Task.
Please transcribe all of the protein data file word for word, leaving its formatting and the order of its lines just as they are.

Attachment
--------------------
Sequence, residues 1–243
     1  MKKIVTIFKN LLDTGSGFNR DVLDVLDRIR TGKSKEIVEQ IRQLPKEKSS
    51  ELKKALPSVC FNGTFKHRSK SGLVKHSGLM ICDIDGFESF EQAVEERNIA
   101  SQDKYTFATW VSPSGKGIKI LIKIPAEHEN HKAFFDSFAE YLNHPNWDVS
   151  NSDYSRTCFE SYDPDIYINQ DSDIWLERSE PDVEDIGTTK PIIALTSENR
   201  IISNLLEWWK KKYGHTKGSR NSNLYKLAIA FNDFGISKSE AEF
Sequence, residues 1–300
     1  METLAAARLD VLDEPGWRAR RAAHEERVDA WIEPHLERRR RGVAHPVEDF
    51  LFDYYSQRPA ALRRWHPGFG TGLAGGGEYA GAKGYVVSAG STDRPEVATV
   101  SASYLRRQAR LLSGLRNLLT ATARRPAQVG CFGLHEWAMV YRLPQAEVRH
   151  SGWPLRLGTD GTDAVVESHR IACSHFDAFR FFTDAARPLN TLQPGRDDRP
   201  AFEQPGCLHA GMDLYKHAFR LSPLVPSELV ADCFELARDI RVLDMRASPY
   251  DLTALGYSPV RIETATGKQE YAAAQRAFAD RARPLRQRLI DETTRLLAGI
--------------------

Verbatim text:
Sequence, residues 1–243
     1  MKKIVTIFKN LLDTGSGFNR DVLDVLDRIR TGKSKEIVEQ IRQLPKEKSS
    51  ELKKALPSVC FNGTFKHRSK SGLVKHSGLM ICDIDGFESF EQAVEERNIA
   101  SQDKYTFATW VSPSGKGIKI LIKIPAEHEN HKAFFDSFAE YLNHPNWDVS
   151  NSDYSRTCFE SYDPDIYINQ DSDIWLERSE PDVEDIGTTK PIIALTSENR
   201  IISNLLEWWK KKYGHTKGSR NSNLYKLAIA FNDFGISKSE AEF
Sequence, residues 1–300
     1  METLAAARLD VLDEPGWRAR RAAHEERVDA WIEPHLERRR RGVAHPVEDF
    51  LFDYYSQRPA ALRRWHPGFG TGLAGGGEYA GAKGYVVSAG STDRPEVATV
   101  SASYLRRQAR LLSGLRNLLT ATARRPAQVG CFGLHEWAMV YRLPQAEVRH
   151  SGWPLRLGTD GTDAVVESHR IACSHFDAFR FFTDAARPLN TLQPGRDDRP
   201  AFEQPGCLHA GMDLYKHAFR LSPLVPSELV ADCFELARDI RVLDMRASPY
   251  DLTALGYSPV RIETATGKQE YAAAQRAFAD RARPLRQRLI DETTRLLAGI